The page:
Before the 19th century, the Bronx was mostly forest and farmland sparsely populated by Native Americans and then the Dutch and English. In the 1800s, the local population grew as the land became a popular place for rich people to build their summer houses. The Bartow-Pell Mansion, located deep in the heart of Pelham Bay Park, is the last remnant of that era.
Thomas Pell, an English physician from Connecticut, purchased the land around Pelham Bay from the local Lenape tribe in 1654. The Pell family lived there until the Revolutionary War, when the original house on the property burned down. The land was sold off in 1813, but was later regained by a Pell descendent named Robert Bartow in 1836. He built a large Greek Revival mansion on the property in 1842, which the family sold to the city in 1888.
The mansion was one of many properties acquired by New York to build Pelham Bay Park, though the others were allowed to decay and were eventually demolished under the direction of Robert Moses. The Bartow-Pell house was only saved because it had been leased to the International Garden Club, which actively worked to restore the building and its grounds. In 1936, the mansion even served as Mayor LaGuardia’s summer office.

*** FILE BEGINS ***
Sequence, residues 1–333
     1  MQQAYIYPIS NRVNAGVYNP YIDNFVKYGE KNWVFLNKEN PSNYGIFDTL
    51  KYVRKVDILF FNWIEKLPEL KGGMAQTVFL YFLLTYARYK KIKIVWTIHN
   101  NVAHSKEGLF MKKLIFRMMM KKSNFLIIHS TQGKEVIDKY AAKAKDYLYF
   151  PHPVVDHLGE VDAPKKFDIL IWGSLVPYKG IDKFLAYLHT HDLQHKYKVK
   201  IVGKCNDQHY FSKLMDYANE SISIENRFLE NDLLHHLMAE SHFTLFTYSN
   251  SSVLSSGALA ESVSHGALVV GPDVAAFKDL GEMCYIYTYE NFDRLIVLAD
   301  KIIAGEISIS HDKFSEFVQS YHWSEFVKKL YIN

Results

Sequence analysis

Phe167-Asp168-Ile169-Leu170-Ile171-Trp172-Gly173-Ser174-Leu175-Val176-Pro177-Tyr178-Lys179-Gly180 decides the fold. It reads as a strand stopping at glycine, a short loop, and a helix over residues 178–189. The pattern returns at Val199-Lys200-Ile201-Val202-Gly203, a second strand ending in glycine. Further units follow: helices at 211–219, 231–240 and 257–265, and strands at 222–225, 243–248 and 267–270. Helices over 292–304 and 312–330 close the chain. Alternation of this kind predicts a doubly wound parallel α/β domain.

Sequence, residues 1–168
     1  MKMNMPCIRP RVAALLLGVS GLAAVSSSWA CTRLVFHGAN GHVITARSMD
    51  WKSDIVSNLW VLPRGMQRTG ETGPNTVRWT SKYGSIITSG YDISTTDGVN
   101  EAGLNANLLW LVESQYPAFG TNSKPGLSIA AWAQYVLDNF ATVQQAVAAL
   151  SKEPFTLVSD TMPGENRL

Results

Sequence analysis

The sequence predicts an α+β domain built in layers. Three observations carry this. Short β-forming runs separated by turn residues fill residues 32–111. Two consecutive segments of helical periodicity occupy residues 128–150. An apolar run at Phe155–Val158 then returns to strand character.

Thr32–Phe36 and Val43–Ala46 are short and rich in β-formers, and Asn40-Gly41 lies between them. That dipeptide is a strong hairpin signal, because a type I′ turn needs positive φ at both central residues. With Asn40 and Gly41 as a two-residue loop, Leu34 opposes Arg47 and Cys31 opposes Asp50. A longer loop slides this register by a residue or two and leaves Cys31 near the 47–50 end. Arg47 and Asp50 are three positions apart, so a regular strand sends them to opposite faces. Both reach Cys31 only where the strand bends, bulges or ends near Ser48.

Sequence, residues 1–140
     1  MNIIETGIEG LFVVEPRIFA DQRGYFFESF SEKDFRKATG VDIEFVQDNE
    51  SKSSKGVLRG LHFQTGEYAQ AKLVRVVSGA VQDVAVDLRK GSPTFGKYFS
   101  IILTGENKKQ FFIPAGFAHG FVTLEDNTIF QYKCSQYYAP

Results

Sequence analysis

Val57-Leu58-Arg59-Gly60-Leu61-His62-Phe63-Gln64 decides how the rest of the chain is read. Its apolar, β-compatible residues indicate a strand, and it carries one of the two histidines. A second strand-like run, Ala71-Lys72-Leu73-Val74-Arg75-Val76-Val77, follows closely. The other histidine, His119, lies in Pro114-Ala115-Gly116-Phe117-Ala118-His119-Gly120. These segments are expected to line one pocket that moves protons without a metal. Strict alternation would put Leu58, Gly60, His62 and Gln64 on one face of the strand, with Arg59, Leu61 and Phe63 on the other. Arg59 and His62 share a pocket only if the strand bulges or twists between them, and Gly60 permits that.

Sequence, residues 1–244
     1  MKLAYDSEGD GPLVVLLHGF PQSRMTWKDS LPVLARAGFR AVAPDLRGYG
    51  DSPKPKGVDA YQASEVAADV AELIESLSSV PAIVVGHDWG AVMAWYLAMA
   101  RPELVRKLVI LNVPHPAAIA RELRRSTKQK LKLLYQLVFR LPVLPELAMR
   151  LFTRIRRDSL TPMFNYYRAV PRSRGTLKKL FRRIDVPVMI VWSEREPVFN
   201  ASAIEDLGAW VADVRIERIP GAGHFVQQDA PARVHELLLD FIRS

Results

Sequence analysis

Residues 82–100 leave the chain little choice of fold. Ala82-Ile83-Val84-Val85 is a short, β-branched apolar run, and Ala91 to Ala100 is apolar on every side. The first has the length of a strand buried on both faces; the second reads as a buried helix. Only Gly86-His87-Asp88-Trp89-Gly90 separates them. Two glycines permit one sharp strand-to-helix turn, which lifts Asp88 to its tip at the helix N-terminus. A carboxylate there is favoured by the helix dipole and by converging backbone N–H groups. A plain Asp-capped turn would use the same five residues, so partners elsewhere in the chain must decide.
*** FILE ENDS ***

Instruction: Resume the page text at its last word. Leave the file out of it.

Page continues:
As a museum, the house has several period rooms decorated in 19th-century style, including a parlor and two bedrooms. Visitors can even head up to the attic to see how the servants would have lived, with several beds and other furniture—you can even ring the bells the Bartows would have used to summon help.
Outside is an elaborate flower garden with a fountain, an herb garden, and an intact carriage house that is still used as a stable today. Hidden in the brush behind the house is a small family cemetery and the Siwanoy Trail, a hiking path named for the native Lenape people.